ABOARD AMPHIBIOUS ASSAULT SHIP USS BATAAN – The ongoing graduation exercise for the Bataan Amphibious Ready Group (ARG) and 26th Marine Expeditionary Unit (MEU) will not only get the 4,500 sailors and Marines ready to deploy later this year but also has started a conversation at the deck plate level about how the services will fight together in the future.
ARG/MEU’s Composite Training Unit Exercise (COMPTUEX) is the first since the Marine Corps unveiled Commandant Gen. David Berger’s command guidance for the service that outlines how the service will operate at the high-end, with a focus on integration between the two naval services.
In line with the larger push from the Pentagon to place an emphasis on conflict between major powers, the sailors and Marines aboard the three-ship ARG need to be ready to operate in more places at short notice, Capt. Lance Lesher, the commodore of Amphibious Squadron 8, told USNI News in an interview last week.
“We’ve been anchored kind of to the Arabian Gulf for quite some time,” he said.
“Now, and with great power competition, the emphasis is that we are not limited to one specific area: the Baltic, the Med, the Arabian Gulf, the Indian Ocean. What I’m getting from my bosses consistently is, we are worldwide deployable and we need to do all those missions.”
For Marines aboard Bataan, that translates to working more closely with the Navy at sea, 26th MEU Commanding Officer Col. Trevor Hall told USNI News in an interview aboard Bataan last week.
“As a naval force, we have a share in this. Naval warfare is brutal, as we have seen in the past, which we may not be as accustomed to it in recent times,” Hall said.
The COMPTUEX series stresses a version of naval integration that puts Marines to work underway rather than the green force just hitching a ride to shore.
As part of the COMPTUEX, Marine assets were part of combined air defense and live-fire exercises to complement the systems aboard Bataan and the two other ships in the ARG, USS New York (LPD-21) and USS Oak Hill (LSD-51). Neither the Navy nor the Marines provided details on the scenario of the exercise when asked by USNI News.
Hall didn’t go into how the Marines assisted in the scenarios, but in the past the Pentagon has released imagery of Marines on the decks of amphibs with a variety of systems they would use ashore, such as light armored vehicles and anti-air missile systems. Earlier this year, President Donald Trump highlighted the Marines’ anti-drone Marine Air Defense Integrated System (MADIS) on the deck of USS Kearsarge (LHD-3) that was used to splash an Iranian drone during a Strait of Hormuz transit.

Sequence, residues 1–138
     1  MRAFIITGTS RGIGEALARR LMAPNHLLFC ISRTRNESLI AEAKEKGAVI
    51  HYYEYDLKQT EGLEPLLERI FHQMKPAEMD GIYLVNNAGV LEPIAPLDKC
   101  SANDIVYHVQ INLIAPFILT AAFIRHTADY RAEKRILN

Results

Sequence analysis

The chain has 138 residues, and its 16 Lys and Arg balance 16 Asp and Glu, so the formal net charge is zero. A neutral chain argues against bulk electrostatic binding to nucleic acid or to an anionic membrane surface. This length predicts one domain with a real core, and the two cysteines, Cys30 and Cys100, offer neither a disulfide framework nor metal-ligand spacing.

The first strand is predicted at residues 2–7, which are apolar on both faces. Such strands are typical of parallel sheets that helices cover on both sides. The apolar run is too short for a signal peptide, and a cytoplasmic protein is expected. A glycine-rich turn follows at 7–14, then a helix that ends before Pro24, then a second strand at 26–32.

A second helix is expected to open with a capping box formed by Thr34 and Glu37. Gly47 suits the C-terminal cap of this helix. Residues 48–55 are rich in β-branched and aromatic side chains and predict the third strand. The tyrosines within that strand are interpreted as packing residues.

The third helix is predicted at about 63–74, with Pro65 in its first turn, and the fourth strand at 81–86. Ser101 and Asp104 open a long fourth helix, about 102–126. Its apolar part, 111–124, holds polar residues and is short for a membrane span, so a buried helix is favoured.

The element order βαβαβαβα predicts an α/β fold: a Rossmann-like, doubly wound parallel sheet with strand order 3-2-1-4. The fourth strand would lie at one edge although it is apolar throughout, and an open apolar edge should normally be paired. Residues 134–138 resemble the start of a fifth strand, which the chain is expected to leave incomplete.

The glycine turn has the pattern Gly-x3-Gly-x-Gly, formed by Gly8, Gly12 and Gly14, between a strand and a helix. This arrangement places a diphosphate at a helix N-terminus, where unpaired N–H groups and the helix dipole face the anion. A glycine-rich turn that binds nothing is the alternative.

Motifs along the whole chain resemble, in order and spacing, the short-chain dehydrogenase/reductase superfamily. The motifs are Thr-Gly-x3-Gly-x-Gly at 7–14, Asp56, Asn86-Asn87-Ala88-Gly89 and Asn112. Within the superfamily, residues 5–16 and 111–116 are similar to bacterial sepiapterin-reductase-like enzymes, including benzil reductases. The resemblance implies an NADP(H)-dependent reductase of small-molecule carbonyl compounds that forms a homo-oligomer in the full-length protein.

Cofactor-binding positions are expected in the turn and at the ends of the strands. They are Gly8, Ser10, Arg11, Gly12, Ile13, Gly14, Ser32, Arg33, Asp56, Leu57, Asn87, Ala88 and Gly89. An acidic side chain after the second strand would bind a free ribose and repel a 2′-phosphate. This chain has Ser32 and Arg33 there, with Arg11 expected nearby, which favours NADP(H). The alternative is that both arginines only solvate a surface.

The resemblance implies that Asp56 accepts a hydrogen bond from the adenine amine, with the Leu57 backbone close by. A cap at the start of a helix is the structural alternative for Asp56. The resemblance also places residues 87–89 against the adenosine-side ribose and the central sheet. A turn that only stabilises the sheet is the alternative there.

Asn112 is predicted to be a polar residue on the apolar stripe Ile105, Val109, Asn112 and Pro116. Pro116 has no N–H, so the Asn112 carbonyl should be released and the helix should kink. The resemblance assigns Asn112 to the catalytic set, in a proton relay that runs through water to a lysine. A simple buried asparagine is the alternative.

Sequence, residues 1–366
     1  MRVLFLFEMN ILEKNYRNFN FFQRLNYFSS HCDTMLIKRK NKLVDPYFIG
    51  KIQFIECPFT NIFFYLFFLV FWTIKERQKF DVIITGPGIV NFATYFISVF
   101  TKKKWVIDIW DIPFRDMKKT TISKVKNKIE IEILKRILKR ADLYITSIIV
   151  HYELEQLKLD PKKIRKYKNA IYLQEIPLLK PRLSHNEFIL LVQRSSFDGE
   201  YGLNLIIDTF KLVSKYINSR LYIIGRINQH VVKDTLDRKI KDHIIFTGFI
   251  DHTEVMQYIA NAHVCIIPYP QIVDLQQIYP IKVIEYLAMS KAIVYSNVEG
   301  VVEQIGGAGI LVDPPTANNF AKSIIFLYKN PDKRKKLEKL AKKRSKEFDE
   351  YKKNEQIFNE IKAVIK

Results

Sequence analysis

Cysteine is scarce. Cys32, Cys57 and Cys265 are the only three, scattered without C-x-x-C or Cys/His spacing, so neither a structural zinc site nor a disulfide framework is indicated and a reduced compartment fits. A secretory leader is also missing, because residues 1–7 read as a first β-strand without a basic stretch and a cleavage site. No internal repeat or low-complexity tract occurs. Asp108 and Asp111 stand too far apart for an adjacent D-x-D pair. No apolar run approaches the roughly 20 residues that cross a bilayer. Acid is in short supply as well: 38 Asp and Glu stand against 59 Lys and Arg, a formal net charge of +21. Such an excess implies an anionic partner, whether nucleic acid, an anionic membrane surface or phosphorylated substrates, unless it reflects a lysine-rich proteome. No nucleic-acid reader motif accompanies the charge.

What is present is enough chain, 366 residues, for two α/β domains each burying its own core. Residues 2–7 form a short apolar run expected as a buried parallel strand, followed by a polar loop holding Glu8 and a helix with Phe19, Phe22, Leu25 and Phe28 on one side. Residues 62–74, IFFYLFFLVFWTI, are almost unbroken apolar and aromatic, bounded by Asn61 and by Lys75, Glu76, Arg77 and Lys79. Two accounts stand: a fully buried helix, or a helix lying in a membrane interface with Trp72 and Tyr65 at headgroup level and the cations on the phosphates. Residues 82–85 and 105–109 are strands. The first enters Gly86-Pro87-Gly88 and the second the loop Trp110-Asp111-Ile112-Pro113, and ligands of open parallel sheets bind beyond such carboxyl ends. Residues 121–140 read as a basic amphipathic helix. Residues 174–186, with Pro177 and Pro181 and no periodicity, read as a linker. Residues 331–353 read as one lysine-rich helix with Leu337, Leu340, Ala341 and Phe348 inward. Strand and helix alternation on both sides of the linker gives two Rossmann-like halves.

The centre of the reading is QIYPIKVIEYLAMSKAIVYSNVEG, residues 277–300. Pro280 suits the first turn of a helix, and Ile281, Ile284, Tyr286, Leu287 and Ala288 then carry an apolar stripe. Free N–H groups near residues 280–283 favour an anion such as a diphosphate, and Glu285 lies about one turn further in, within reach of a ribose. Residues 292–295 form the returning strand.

Specifics aside, ARG/MEU leaders said the intent was to instill a cultural change in the Marines and sailors to work more closely together.
“Throughout the years we’ve had some minor changes to accommodate new technologies with regards to equipment and weapons systems,” Hall said.
“But now we’re beginning – with the change to the National Defense Strategy and with Gen. Berger’s guidance – shifting more of our focus towards great power competition. We are at the beginning stages of where I believe that we’re going to start to see a change of the [training] scenarios.”
Several times during the interview, ARG/MEU leadership touched on the Navy and Marine Corps fighting during the World War II campaign at Guadalcanal and the book Neptune’s Inferno when they mentioned cooperating together.
“It’s to expand application of Marine forces in support of the naval campaign; in support of the float commander; in support of composite warfare. How we do that?… A new way of integrating, not just support ashore, but Marines being involved in missions at sea in support of the fleet,” Hall said.
“The point that we try to stress is, if a ship sinks, we’re going to sink with it. It’s in our best interest not to let that happen.”
For example, the 26th MEU Marines are training as firefighters alongside the Navy’s damage control teams.
“Marines, every man a rifleman. Sailors are all firefighters because it’s important to be able to fight. But the connection of being able to fight a fire and save the ship, blue or green, I think is very important,” Bataan commander Capt. Gregory Leland told USNI News.
The emphasis on tougher combat problems are also acting as an accelerant to bring the Navy and Marine Corps closer together, Lesher said.
“It forces more and more integration, and when the Marines know that the ship’s survival is based upon them, there’s more buy-in. You got more skin in the game,” he said. “That’s part of a top-down philosophical desire to move towards the higher end. That means more threat, more cooperation.”
While the conversation around the high-end has been on the minds of leadership, there are other operations they can’t ignore.
“We do have focus against great power competition, but just as we’ve seen throughout history, sometimes there are limited-scale contingencies that we have to be prepared to respond to as well,” Hall said.
For example, the Bataan ARG’s humanitarian and disaster relief training was cut short to respond to the real-life crisis in the Bahamas after Hurricane Dorian made landfall.
“We immediately made up for that lost training by actual real application,” Hall said. “Unfortunately, it consumed a little bit more time than was programmed.”